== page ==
Winners or losers?
Palestinians celebrated Wednesday night with gunshots, sweets, cries of victory and screams of “God is great” in celebration of Israel agreeing to an Egyptian-brokered cease-fire that brought an end the Jewish state’s indiscriminate aerial bombing of the Gaza Strip amid, of course, home-made rockets being fired from the besieged territory toward Israeli territories, as deep as Tel Aviv.
Was there a victory to celebrate? Was there any winner in this latest flare-up of aggression or Hamas-provoked Israeli carpet bombing of the Gaza Strip, an eight-day ordeal which killed at least 162 Palestinians, many of them women and children, and four Israelis, one of them a soldier?
It was, of course, natural for people under heavy bombardment for so many days to celebrate in the streets with joy any cease-fire arrangement that will last until the next flare-up of confrontation.
Indeed, the terms of the present cease-fire arrangement differ considerably from previous truce deals.
Under the truce package, Hamas pledged not to fire its home-made rockets at Israeli territory, while Israel agreed to cease its targeted killings of Palestinians and ease the Israeli-Egyptian blockade on Gaza. The easing of the blockade – which has indeed turned Gaza into an open-air prison for the past number of years – would of course be something tangible that is definitely worth celebrating if it can be sustained.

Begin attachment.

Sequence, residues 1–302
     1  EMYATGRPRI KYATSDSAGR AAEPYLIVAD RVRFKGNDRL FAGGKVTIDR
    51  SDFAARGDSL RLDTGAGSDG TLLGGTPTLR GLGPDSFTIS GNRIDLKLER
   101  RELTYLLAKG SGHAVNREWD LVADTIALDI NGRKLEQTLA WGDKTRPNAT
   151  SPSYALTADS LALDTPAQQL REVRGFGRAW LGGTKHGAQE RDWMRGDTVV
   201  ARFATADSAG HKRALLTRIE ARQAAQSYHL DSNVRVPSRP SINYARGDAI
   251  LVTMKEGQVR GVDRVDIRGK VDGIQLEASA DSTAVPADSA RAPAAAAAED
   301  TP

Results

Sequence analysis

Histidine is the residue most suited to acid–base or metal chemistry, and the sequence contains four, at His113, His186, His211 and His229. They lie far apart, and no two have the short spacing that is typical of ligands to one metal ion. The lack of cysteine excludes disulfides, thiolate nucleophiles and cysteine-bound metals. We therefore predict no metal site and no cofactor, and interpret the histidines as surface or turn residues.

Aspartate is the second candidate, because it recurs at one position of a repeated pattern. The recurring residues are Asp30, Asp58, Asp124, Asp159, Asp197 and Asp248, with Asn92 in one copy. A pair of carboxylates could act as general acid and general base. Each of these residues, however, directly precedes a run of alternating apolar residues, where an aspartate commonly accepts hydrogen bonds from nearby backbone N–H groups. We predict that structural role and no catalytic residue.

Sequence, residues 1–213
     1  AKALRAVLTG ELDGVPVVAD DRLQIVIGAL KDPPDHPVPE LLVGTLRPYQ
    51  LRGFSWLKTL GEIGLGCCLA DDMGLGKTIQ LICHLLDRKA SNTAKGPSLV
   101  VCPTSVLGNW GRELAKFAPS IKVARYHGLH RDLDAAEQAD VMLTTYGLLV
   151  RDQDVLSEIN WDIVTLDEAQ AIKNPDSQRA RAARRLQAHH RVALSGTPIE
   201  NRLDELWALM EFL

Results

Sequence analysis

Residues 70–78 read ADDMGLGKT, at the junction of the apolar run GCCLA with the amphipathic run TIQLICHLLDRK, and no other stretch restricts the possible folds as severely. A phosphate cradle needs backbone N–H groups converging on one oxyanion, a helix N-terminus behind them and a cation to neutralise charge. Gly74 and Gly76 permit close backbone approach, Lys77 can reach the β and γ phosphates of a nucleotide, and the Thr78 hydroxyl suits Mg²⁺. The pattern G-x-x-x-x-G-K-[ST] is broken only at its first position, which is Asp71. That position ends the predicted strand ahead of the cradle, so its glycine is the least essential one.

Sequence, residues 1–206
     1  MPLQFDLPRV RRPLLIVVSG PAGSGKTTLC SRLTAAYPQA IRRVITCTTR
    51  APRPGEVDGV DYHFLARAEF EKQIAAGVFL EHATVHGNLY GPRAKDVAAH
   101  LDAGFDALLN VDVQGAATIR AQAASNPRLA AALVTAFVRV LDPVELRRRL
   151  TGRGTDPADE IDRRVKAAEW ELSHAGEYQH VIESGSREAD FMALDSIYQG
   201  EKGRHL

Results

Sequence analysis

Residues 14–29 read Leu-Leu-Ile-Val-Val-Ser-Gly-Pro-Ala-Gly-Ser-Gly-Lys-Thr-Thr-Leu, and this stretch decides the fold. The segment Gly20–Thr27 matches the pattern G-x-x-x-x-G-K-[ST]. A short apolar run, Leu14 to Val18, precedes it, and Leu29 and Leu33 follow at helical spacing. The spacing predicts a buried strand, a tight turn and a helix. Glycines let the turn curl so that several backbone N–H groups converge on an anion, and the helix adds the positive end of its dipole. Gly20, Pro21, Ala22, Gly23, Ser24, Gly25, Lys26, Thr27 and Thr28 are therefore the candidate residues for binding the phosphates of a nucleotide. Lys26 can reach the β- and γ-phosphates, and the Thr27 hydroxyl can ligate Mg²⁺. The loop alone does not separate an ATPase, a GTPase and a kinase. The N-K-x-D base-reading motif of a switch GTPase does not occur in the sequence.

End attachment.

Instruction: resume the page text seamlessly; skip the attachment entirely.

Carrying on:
Last week, Nabil Maarouf, the Palestinian ambassador in Ankara, wholeheartedly supported a suggestion by a journalist that for a sustainable cease-fire arrangement, Turkey and Egypt should perhaps deploy peacekeepers in Gaza – naturally with Israeli and Palestinian consent. Such a Turkish-Egyptian joint military enforcement of a cease-fire would naturally guarantee Israel that no rockets would be fired from the territory on Israeli settlements. Similarly, Israel would not dare to attack the territory while Turks and Egyptians are there.
Can it be done? Would it indeed serve the stated aims or if, for example, a stray group fires on Israel or somehow a stray bomb falls on Turkish or Egyptian barracks, what would the consequences be? Obviously such a force would also require a U.N. mandate but pros and cons must be evaluated before any move can be taken.
Naturally, Gaza is not separate from the Palestine-Israel problem. Gaza cannot and should not be treated separately from the West Bank as such a development would mean adding a mental dimension to the already territorially divided situation of the remaining Palestinian land. For the sake of some palliative gains, Palestinians should not endanger their much-troubled unity as people and as a state.
As long as guns are not totally silenced and a comprehensive and inclusive peace accord based on the two-state reality doesn’t replace all the cease-fire arrangements, there will never be winners in this oldest quagmire of the world: Everyone is condemned to be a loser. The task has to be to concentrate and commit more to peacemaking.